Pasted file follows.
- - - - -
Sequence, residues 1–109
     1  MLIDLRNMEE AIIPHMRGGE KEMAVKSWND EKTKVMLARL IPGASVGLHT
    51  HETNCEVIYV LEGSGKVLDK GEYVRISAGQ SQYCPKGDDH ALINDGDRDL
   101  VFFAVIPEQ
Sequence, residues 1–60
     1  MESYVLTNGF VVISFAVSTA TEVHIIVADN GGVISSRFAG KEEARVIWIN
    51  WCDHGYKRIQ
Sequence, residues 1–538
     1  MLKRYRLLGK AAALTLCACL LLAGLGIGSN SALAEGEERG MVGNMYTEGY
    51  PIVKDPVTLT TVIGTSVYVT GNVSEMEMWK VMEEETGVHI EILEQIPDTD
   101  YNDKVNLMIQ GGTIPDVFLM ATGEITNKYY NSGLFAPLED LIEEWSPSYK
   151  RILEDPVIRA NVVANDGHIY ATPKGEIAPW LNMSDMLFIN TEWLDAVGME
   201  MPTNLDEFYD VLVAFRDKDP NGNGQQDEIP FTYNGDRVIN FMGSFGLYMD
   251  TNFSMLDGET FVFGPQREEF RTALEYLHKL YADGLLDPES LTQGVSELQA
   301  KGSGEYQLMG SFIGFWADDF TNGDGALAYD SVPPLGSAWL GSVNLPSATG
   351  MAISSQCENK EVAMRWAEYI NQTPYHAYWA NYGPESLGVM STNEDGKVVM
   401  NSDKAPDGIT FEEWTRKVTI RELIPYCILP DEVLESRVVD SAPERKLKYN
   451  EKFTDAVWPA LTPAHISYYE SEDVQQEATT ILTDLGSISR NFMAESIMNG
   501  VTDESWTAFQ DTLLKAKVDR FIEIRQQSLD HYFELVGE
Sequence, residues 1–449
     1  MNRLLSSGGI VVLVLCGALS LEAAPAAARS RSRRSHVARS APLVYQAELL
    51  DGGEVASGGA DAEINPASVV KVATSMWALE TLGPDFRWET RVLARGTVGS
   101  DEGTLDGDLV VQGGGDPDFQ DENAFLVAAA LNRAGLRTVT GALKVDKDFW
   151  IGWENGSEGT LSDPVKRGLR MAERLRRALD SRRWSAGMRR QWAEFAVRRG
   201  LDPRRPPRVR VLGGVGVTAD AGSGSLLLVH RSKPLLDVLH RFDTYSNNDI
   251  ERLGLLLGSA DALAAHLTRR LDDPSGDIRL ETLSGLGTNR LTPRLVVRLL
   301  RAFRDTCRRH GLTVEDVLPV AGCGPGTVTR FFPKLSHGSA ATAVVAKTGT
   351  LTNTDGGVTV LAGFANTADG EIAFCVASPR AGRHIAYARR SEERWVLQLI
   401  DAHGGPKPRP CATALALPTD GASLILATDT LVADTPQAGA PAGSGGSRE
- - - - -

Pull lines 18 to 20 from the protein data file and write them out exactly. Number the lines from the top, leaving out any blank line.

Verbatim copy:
   451  EKFTDAVWPA LTPAHISYYE SEDVQQEATT ILTDLGSISR NFMAESIMNG
   501  VTDESWTAFQ DTLLKAKVDR FIEIRQQSLD HYFELVGE
Sequence, residues 1–449